“Brand Action stands as a place where we can collectively help our colleagues in their darkest time of need. These acts of kindness are the things that make a true community. This is more than just giving a few bucks to a good cause.”

You can support Brand Action by purchasing merchandise at the Alt Legal booth in the exhibition hall or via making a donation at BrandAction.org.

The charity will host its annual fundraising event at STATS Brewpub on Monday, May 20.

Question of the day

In addition to attending panels and events, we also caught up with some of our sources and other delegates, put faces to names, and learned more about law firm strategy and the IP issues concerning attorneys.

Today, we asked sources what they hoped to gain from the conference this year.

Saul Perloff, partner at A&O Shearman in Austin, noted that there were very few conferences where attendees have the opportunity to meet so many clients in one place.

“To me, it’s irreplaceable,” he said.

Jennifer Morton, partner at Gowling WLG in Toronto, said she was looking forward to catching up with clients who hadn't been able to attend INTA in the years immediately after the pandemic.

"It hasn't been like this until now. So, it's a great opportunity and the first time we'll be able to meet a lot of our big clients. A lot of corporate America didn't attend INTA before now [post COVID] and they're here at this meeting, which is fantastic."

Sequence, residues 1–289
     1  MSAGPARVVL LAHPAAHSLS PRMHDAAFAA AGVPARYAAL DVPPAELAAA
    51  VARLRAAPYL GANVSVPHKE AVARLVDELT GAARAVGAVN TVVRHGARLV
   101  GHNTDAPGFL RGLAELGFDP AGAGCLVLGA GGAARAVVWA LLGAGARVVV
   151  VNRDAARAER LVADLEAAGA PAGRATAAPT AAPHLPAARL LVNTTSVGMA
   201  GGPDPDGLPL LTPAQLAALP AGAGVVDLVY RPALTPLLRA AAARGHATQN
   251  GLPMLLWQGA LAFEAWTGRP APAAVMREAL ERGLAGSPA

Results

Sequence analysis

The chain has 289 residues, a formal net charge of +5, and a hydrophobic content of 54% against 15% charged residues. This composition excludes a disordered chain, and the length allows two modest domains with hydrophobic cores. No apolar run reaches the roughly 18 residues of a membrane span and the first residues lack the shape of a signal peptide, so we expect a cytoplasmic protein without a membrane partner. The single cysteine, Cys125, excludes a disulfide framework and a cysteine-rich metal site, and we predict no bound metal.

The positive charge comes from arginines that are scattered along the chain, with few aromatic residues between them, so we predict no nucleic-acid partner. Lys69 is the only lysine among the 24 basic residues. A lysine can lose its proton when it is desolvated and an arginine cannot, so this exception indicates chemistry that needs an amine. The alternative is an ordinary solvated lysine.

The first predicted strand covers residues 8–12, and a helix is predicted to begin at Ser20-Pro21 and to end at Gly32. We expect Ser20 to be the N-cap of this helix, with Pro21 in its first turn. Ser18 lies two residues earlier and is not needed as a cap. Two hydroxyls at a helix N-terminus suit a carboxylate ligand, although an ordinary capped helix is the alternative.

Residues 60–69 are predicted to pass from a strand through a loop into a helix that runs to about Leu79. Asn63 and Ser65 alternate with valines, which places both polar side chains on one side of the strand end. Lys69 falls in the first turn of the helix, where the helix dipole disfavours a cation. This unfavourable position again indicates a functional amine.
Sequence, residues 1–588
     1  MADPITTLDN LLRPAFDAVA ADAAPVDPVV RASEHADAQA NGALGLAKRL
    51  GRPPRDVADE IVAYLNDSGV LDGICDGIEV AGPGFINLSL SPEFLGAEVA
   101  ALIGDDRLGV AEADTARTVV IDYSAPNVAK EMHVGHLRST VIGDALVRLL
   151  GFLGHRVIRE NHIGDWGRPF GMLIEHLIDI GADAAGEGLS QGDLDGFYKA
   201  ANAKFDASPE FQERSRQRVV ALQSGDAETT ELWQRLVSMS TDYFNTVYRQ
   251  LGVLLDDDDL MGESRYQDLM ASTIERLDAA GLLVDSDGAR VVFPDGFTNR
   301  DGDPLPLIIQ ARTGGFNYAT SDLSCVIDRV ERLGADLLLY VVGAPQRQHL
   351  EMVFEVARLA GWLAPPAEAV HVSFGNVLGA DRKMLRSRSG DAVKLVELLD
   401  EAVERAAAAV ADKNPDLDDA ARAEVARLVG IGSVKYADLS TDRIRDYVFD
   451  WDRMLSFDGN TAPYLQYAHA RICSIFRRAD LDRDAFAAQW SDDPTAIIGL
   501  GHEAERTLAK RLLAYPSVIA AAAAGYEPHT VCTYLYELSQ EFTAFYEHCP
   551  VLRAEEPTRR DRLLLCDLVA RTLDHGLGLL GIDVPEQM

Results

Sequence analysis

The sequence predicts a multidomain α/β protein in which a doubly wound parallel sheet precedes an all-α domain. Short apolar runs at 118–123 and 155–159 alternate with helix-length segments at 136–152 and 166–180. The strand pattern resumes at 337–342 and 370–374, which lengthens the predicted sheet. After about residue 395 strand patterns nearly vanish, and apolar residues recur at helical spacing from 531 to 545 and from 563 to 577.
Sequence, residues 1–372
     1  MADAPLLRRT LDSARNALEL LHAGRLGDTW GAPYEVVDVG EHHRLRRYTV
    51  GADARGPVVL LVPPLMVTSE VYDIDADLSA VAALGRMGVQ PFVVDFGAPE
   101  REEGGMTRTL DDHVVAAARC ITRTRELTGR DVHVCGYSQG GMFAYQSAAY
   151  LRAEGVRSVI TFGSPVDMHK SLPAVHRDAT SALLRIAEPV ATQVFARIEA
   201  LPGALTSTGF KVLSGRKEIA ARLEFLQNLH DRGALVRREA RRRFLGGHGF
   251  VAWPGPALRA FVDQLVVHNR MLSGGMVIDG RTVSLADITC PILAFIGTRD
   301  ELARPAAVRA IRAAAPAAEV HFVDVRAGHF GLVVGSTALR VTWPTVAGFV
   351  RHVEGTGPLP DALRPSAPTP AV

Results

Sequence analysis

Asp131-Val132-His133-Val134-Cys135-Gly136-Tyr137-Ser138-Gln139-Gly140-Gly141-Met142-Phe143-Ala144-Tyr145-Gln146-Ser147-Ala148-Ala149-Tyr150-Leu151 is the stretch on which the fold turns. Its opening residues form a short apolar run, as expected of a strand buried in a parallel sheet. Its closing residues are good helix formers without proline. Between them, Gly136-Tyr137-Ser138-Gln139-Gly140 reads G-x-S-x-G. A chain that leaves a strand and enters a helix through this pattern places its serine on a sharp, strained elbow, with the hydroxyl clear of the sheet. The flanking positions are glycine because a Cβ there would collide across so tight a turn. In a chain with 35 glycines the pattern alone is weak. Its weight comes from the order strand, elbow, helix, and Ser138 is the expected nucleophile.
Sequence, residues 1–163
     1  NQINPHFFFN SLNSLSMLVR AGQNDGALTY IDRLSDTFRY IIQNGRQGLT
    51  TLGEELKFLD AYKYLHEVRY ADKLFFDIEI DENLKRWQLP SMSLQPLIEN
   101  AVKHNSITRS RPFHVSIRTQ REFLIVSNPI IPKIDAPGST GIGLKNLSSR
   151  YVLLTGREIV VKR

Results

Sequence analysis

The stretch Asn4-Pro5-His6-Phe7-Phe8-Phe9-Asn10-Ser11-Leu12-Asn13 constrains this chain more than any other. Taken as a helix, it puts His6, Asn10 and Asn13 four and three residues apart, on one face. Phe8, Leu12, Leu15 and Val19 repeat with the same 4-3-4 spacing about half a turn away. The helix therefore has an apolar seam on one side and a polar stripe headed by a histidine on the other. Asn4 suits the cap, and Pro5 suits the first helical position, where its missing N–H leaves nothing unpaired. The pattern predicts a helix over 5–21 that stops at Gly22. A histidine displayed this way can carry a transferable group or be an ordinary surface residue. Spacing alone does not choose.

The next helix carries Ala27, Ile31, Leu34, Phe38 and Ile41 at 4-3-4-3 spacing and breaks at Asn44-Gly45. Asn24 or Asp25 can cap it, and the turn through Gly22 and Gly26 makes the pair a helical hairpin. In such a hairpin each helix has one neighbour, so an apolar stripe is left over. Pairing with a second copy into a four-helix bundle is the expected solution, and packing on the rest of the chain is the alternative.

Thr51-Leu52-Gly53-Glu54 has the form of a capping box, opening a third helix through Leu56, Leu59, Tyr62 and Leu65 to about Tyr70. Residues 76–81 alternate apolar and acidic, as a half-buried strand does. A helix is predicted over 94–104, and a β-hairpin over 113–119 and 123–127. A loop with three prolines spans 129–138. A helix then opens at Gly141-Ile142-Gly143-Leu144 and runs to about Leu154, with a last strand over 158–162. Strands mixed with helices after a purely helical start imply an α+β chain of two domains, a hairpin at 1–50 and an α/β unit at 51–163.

Morton added that she was also excited to bring a younger associate, who is attending the conference for the first time.

"She's been working with my clients for a year and a bit, and this is the moment where I get her to introduce her to everyone. She's marvelous. And that for me is very fun. I remember being the baby once and how marvelous this conference was, and she's experiencing that."

Looking ahead

Sunday’s receptions included the INTA opening reception at the exhibition centre, a drinks reception at the Omni Hotel with CWB, and an event hosted by Barnes & Thornburg. Law firm Adams & Reece also took delegates to an Atlanta Braves baseball game.

On Monday we’ll report on a panel delving into law firm management concerns, Brand Action’s fundraiser, and much more.

The INTA Annual Meeting runs from May 18 to 23 at the Georgia World Congress Center in Atlanta.